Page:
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Source of high carbon monoxide levels that sickened dozens at Teamsters arena still unclear

FARGO - A piercing headache took hold of Elijah Duncan as he drove home after playing pickup hockey Sunday night at Teamsters arena. The pain was so bad he had to look away from headlights on the road.

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Youth hockey coach Elijah Duncan, 20, is sidelined at practice Monday, Dec. 15, 2014, at Veterans Memorial Arena in West Fargo after being sickened by carbon monoxide Sunday in the Teamsters Arena in Fargo. Michael Vosburg / Forum Photo Editor

FARGO – A piercing headache took hold of Elijah Duncan as he drove home after playing pickup hockey Sunday night at Teamsters arena. The pain was so bad he had to look away from headlights on the road.

“I didn’t think anything of it,” said Duncan, 20. “I just thought it was a really bad migraine.”

Monday morning, Duncan learned that he was one of dozens at the rink, including many youth hockey players, who suffered headaches and nausea from carbon monoxide poisoning.

This sort of problem arises occasionally at indoor rinks around the country. Over the weekend in central Wisconsin, more than 80 people at a minor league hockey game were sickened by unsafe levels of carbon monoxide inside the rink.

North Dakota is among the majority of states that do not have laws regulating air quality at ice rinks. A few states, including Minnesota, Massachusetts and Rhode Island, do have such regulations, according to a national group called Serving The American Rinks.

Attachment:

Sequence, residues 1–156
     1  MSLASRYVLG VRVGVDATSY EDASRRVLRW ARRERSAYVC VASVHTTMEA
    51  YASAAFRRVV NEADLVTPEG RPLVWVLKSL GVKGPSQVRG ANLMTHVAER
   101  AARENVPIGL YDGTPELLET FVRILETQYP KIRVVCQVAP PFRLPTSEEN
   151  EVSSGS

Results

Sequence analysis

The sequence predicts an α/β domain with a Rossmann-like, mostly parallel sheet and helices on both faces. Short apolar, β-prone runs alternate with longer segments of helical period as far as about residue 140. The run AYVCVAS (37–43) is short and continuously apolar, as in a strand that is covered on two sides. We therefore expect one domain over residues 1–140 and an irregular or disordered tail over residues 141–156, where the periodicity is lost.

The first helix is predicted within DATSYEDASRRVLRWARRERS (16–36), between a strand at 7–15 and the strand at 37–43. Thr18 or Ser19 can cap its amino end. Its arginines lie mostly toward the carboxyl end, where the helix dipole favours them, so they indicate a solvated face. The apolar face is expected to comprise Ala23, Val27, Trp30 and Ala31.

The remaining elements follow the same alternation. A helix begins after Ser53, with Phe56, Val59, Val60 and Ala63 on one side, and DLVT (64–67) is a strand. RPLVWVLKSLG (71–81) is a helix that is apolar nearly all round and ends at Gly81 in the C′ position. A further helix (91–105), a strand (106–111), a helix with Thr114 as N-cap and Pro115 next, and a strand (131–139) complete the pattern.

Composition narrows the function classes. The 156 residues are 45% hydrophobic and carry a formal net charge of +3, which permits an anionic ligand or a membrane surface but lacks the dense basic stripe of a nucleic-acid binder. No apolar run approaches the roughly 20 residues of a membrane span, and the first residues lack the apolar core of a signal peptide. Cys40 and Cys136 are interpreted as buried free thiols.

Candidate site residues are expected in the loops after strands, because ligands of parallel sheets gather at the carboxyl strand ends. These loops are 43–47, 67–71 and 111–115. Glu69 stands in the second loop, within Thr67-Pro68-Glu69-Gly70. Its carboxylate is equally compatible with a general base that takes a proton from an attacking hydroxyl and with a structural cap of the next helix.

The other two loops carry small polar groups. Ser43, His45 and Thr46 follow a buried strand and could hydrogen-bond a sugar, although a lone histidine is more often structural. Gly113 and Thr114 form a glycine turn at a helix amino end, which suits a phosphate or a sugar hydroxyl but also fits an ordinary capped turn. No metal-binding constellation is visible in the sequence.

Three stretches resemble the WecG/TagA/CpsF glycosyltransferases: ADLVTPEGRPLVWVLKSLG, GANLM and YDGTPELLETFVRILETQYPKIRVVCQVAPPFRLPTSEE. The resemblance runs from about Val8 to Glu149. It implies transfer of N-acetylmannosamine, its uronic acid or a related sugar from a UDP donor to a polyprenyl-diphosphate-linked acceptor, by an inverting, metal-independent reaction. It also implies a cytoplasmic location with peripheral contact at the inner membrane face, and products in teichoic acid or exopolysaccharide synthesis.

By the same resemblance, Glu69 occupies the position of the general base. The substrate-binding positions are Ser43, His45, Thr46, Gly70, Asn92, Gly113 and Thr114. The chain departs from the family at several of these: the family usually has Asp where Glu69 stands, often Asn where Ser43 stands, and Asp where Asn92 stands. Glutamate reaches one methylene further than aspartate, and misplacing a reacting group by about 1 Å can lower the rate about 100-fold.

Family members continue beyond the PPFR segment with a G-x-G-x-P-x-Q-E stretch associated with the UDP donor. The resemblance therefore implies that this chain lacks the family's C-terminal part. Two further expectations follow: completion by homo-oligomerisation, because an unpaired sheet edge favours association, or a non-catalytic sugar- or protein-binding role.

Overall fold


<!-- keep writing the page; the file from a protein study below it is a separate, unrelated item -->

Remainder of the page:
The source of carbon monoxide is often the internal-combustion engines of ice resurfacing machines and ice edgers. What caused the dangerous levels of the potentially deadly gas at Teamsters arena is not yet clear.

Jeff Lockhart, operations manager for the Fargo Youth Hockey Association, which owns the arena, said all of the equipment was inspected and cleared by Xcel Energy on Monday. And only slight adjustments needed to be made to the rink’s Zamboni machine, he said.

Lockhart thought it was possible the lack of air movement that created heavy fog in the region Sunday could have contributed to problems with ventilating the arena.


‘The same sickness’


Battalion Chief Lee Soeth said a Fargo fire crew found high levels of carbon monoxide at Teamsters arena late Sunday. Firefighters were called there about 11:30 p.m. after Sanford Health reported symptoms of carbon monoxide poisoning in at least three emergency room patients who were at the arena.

Duncan, who coaches youth hockey, said he went to the hospital Monday morning and found out he had an elevated level of carbon monoxide in his system. He was treated with oxygen for an hour and released in the afternoon.


Lockhart said the carbon monoxide reading in the arena was at zero parts per million Monday. Despite the low reading, a large garage door was opened to allow air flow once every hour to avoid a repeat of Sunday’s incident.

“We’re going to learn from why it happened and make sure it never happens again,” he said.

Lockhart spent Monday reaching out to all of the players who participated in the seven games the arena hosted Sunday.

Among those affected were Leah Staahl, her husband and their two sons, ages 7 and 10. They all had symptoms of carbon monoxide poisoning after spending a few hours at the arena, she said.